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Members of the French underground resistance, live their "normal" lives during the day, and fight the occupying Nazis in the war-torn Paris after dark. Some will end their lives fighting, and some will find purpose in life once again.
When a crafty reporter uses false pretenses to get a story out of heiress Tony Gateson, she turns the tables on him, telling the press that she's engaged to him and that she's given him a million dollar dowry. Suddenly he's on the front page and every salesman is at his doorstep. He loses his job and a day later asks her to call off the ruse; she tricks him again and the publicity continues. She stays cheerful and resourceful through a series of misadventures that has him alternately back on his job and fired. Meanwhile, a count who's her ex-fiancé shows up in New York, and maybe that marriage is back on. Can an heiress be a human being, and can a reporter get a scoop? Written by
Back when this film was made in the mid Thirties there seem to be an abundance of films about madcap heiresses. In the middle of the Great Depression films about the rich partying away seemed to find an audience.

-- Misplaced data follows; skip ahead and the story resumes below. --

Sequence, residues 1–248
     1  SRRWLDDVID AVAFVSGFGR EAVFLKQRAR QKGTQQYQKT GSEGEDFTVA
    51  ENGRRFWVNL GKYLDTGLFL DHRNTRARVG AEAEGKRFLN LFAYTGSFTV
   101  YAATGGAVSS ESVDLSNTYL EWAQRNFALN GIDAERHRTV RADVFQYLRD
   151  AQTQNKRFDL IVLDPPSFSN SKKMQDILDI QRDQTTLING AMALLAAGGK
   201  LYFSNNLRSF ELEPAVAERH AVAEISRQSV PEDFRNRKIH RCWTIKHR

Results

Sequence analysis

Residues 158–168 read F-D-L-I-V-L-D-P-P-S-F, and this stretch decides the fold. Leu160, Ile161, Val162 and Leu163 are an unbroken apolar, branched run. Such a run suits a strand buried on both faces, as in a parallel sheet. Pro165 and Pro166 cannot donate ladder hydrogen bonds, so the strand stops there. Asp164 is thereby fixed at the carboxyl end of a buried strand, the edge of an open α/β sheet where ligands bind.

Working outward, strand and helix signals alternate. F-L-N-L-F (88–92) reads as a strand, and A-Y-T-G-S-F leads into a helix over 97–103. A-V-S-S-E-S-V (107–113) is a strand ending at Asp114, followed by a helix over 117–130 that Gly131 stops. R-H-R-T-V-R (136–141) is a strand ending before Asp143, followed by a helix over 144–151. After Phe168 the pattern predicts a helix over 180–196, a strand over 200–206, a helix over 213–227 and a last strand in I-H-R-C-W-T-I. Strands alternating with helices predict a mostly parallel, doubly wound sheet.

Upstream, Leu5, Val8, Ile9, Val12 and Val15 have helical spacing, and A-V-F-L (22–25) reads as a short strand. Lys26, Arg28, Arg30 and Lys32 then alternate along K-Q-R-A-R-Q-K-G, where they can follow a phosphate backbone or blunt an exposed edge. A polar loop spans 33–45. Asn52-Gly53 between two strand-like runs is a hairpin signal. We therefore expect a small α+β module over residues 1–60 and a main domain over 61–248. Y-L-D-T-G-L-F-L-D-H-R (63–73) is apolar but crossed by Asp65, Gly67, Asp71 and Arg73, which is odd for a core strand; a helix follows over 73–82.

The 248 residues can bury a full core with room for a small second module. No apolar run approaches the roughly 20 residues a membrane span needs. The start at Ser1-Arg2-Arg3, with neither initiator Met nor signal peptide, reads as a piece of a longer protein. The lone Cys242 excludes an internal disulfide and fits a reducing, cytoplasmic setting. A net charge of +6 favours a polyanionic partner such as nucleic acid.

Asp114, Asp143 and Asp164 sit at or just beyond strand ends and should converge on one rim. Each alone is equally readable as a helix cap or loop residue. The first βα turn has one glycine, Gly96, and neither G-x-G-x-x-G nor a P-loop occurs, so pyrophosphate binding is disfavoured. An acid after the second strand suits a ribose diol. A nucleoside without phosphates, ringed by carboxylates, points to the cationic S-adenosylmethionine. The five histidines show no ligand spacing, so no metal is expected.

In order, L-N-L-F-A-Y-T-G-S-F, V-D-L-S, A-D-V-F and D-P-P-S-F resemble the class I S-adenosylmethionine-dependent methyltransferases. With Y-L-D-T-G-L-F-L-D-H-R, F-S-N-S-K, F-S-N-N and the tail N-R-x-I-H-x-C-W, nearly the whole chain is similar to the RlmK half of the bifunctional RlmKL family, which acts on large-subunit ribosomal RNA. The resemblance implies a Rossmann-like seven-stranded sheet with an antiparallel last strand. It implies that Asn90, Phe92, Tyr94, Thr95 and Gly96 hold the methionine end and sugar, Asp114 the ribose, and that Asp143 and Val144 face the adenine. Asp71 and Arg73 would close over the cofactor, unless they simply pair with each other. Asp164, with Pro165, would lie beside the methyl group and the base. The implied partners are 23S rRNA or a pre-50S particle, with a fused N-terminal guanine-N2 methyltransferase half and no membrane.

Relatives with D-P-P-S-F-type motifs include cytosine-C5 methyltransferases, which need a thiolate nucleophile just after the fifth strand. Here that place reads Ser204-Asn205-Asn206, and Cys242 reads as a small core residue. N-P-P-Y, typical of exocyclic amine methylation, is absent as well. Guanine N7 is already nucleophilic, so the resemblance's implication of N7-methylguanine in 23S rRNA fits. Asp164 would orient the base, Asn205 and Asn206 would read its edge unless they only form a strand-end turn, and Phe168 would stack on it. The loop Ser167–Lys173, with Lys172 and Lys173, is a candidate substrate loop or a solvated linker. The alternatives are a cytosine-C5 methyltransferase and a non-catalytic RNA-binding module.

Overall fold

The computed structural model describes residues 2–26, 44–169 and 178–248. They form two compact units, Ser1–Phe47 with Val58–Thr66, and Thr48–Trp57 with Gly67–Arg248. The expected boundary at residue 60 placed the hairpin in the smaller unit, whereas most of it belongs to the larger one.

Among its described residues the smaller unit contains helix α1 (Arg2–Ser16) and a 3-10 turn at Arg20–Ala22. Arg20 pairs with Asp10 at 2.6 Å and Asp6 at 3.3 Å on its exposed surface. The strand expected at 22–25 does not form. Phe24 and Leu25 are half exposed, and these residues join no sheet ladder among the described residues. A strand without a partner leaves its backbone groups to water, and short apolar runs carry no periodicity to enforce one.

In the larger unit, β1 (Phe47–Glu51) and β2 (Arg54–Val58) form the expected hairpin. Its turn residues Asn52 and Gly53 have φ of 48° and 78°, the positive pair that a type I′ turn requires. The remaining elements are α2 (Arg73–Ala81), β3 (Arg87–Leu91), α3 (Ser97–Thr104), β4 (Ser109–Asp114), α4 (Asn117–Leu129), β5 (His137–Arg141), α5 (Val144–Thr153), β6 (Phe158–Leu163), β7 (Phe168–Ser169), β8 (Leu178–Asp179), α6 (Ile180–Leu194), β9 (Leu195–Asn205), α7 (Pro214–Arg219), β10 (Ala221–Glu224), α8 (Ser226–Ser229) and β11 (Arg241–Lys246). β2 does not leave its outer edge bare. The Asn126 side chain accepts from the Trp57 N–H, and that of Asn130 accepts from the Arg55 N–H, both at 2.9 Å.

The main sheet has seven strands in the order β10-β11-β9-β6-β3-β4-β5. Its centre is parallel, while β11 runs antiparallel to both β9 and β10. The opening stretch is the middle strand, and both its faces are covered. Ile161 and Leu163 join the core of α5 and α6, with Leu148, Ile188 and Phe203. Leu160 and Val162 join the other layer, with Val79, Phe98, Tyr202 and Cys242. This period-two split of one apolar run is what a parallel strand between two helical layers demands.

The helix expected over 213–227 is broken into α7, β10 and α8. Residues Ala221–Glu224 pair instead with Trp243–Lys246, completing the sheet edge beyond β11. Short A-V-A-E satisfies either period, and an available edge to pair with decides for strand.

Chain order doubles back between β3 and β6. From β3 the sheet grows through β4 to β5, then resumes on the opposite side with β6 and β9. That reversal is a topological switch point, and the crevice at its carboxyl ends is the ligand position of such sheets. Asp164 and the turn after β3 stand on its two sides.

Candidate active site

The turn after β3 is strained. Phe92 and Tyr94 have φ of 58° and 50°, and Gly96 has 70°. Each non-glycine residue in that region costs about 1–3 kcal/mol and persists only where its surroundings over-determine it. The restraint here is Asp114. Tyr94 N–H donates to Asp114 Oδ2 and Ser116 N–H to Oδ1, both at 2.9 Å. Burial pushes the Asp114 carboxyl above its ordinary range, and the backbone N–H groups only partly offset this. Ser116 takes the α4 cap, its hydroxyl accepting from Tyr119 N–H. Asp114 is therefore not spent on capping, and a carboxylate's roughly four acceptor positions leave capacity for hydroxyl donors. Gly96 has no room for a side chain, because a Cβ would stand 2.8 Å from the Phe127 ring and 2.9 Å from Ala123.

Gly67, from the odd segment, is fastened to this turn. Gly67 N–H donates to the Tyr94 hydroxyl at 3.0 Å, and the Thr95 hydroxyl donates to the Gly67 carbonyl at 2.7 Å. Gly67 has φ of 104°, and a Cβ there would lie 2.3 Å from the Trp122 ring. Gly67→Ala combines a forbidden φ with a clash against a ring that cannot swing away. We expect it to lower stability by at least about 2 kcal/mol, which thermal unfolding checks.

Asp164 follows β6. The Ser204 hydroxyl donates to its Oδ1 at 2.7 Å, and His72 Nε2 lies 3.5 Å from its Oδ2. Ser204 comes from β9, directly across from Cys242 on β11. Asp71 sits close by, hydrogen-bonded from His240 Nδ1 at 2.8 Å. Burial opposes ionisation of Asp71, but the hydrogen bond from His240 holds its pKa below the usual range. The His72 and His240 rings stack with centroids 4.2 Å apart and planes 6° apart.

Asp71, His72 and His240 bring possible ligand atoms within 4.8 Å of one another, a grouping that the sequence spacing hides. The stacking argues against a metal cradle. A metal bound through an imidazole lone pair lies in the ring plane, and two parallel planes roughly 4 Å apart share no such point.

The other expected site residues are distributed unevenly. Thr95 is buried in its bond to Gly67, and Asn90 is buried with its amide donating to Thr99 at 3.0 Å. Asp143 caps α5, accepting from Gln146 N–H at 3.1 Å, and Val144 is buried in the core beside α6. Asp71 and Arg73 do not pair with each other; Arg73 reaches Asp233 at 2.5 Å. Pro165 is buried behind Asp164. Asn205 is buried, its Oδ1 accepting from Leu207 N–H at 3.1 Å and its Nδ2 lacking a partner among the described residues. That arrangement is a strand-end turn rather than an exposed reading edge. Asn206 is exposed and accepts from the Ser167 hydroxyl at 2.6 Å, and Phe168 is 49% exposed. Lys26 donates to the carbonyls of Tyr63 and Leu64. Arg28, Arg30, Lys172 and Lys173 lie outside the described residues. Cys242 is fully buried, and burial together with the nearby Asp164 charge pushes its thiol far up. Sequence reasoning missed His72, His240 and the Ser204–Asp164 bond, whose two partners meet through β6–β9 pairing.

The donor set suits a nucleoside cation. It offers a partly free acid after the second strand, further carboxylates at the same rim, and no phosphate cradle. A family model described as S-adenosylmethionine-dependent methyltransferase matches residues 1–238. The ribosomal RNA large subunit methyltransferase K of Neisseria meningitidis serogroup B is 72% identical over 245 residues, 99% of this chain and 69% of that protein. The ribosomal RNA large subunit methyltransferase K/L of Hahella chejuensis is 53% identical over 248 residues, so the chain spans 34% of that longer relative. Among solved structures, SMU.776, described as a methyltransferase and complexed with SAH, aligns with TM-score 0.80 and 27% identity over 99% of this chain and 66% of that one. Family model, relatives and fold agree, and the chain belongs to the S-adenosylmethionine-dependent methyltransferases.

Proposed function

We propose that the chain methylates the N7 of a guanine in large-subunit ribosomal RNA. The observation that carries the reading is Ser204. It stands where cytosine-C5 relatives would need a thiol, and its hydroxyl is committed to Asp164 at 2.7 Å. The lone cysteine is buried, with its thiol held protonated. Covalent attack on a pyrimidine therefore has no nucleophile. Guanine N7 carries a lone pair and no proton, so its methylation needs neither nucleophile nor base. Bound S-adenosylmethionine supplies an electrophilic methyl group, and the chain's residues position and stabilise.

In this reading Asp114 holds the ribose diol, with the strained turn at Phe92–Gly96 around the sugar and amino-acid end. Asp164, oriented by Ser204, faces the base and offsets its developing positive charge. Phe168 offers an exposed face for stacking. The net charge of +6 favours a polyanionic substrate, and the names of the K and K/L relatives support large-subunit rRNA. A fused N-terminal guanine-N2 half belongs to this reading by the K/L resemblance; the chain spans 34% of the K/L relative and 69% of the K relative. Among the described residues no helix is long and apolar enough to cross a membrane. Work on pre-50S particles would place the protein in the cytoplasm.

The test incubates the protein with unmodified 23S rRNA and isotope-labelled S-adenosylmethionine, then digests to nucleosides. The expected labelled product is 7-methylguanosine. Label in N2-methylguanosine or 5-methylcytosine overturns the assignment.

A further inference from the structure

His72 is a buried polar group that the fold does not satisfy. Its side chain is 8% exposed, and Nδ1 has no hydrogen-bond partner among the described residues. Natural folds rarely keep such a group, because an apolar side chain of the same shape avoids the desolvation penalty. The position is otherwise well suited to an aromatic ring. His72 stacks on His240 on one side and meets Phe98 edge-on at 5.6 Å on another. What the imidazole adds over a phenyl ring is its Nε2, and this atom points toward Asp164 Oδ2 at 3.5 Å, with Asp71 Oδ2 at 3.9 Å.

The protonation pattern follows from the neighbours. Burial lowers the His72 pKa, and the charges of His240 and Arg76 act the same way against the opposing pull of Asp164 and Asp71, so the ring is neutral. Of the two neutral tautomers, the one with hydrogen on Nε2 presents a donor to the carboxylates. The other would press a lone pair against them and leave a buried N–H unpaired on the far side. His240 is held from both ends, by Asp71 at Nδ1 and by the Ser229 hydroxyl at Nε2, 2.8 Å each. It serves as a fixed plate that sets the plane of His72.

Back then the real life model was Peggy Hopkins Joyce, today it's Paris Hilton. We just love to read about the rich doing their reveling.
So the premise is a bit ludicrous about Loretta Young getting very angry at the newspaper reporters for reporting on her every move. Believe me if she didn't want publicity she wouldn't get any. Believe it or not, then as now, there are rich people out there who are not tabloid fodder.
But I guess anyone can get a little cranky and Loretta has come her time of crankiness in Love Is News. When an especially enterprising reporter gets on board her private plane, she's had it. While reporter Tyrone Power thinks he's scooped his colleagues, Young has an impromptu press conference with the others and announces she's engaged to Tyrone Power.
And then Power as he was in real life becomes the object of a lot of tabloid fodder. His editor is Don Ameche who keeps firing and hiring him back to straighten the mess out. If this were done at Warner Brothers, Love Is News would have been perfect for James Cagney and Pat O'Brien.
Twelve years later Power did a remake of this same film with Gene Tierney. Hard to choose between the two which is better.
Ty is at the beginning of his career and Darryl Zanuck was casting him in all kinds of parts, comedic, adventurous, dramatic. And Power himself was perfecting his screen image.
Best scenes in the film involve small town judge Slim Summerville who Young comes up before for speeding and that sets up a whole bunch of funny situations.
I can see this being remade today, unless Paris Hilton herself wants to star in it.
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